Table View residents and civic groups say their neighbourhood is under attack from developers. Every week, they say, it seems there’s a new development that comes to their attention.
In the latest proposal, there are plans to consolidate Erfs10915 and 10916 at number 10 Arnold Road and number 9 Gie Road, Table View. The plan is to ultimately build a five-storey, 35-unit block of flats, according to the application proposal. Jody Francis of FJC Consulting Town Planners & Land Surveyors applied for this development on behalf of their client, East African Properties (Pty) Ltd. The land is currently zoned as General Residential Zone (GR3) and part of the application requires the floor plan to be increased from 2204m² to 2399m².
Table View residents have already sent through letters of objection, saying that this development would only increase the traffic congestion and increase the pressure on the bulk water/sewage plant.
Catherine Austin, a Table View resident, said she had objected for a number of reasons, one being that residents in affected areas weren’t being given a proper opportunity to give their input or objections.
“Notifications are sent to residents outside of the affected area. This is a deceitful process and needs to be properly rectified before any further action is taken. The infrastructure in the area is currently failing and further development cannot be sustained. A prime example of this is the failing Potsdam Waste Water plant where ongoing issues with environmental pollution are common and evident,” she said.
The application is dated March 8 and residents have until Friday April 16 to give their input.
Ward 113 councillor, Joy Solomon, said that she, as a resident of the area since 1979, had also objected to the application on the grounds that the engineering capacity could not handle any more densification.
“Has a proper traffic impact assessment been done? These residents (of the development) will not all use the MyCiTi buses but their own cars,” she said.
She added that the application was about greed over need.
According to Mr Francis’ application, the proposed development is considered to be compatible with the environment which is characterised by the presence of blocks of flats, group housing developments, businesses, shops, and offices.
“The compatibility of the scale and massing of the proposed building is also considered appropriate for the property concerned and is within the permitted scale and massing for properties zoned General Residential Zone 3,” he said.
“The proposed block of flats development essentially complies with the applicable development controls, save for the mentioned 10% additional floor which has been applied for. This departure in no way threatens the safety, health, or well-being of the surrounding community.”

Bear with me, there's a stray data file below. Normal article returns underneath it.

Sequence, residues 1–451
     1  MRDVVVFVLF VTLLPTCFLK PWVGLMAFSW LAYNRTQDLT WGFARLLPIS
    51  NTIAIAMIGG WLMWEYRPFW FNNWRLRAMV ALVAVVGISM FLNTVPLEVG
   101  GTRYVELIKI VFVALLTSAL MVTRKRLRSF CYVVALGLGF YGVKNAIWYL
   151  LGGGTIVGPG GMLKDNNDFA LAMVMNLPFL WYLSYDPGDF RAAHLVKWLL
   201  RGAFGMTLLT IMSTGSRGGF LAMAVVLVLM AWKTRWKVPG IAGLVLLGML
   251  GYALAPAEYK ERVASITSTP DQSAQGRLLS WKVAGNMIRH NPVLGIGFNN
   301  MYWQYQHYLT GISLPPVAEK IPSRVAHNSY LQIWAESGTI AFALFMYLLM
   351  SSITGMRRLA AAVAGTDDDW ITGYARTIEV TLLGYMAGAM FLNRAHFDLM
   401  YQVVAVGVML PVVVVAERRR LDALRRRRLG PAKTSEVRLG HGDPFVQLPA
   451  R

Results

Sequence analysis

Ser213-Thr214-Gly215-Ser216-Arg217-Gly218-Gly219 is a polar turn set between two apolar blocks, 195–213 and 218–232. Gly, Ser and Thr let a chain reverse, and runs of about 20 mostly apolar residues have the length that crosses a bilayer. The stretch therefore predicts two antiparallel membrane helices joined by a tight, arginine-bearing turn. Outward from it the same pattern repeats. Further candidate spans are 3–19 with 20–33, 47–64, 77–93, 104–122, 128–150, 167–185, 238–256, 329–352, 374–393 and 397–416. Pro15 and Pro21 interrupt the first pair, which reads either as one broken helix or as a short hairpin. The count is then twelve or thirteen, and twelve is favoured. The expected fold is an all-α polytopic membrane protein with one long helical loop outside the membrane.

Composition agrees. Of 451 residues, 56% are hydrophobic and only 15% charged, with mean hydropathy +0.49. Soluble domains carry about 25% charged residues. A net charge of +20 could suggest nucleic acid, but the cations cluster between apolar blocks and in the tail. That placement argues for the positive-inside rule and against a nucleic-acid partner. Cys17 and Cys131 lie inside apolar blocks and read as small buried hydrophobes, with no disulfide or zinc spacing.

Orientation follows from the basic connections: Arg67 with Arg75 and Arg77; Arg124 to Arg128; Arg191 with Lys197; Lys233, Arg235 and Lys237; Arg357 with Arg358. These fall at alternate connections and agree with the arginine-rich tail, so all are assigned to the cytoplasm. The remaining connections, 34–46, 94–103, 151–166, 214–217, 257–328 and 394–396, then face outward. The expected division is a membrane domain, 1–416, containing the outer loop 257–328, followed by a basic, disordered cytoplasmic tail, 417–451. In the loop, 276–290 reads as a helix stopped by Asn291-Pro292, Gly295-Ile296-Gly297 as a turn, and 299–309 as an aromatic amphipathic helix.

The Greater table View Action Forum (GTAF), said in their objection letter that “the proposed development would build up to the common boundary”.
They added: “This would negatively impact the neighbouring properties both in terms of the enjoyment of these properties and the value of the neighbouring properties”.
This is similar to complaints residents had about a development on Blaauwberg and Grey Avenue, where they complained about the building intruding on their privacy.
Mr Francis said assessments conducted had determined that a total of 41 parking bays would adequately accommodate the parking requirements of the future owners, should they own private motor vehicles.
“The provision of this parking area ensures that there will not be any on-street parking which would otherwise impact negatively on surrounding property owners and their use of the public road,” he said.
But, the GTAF noted, the applicant indicated in their application that the site was about 100 metres away from the busy Gie Road and Blaauwberg Road intersection. “Had the applicant bothered to carry out a credible traffic survey the applicant would be aware of the heavy traffic and lines of traffic that backs up at this intersection,” GTAF said.
“This is particularly noticeable at peak times. The lines of traffic regularly extend beyond the application site and into Arnold Road. This application would add to the traffic misery that already exists and make the residents prisoners in their own homes.”
The City had not responded to emailed questions about the development and concerns of residents by the time this story was published.
Residents can have their say by visiting email@example.com. Residents can submit their comments and objections at the District Manager’s office at 87 Pienaar Road, Milnerton.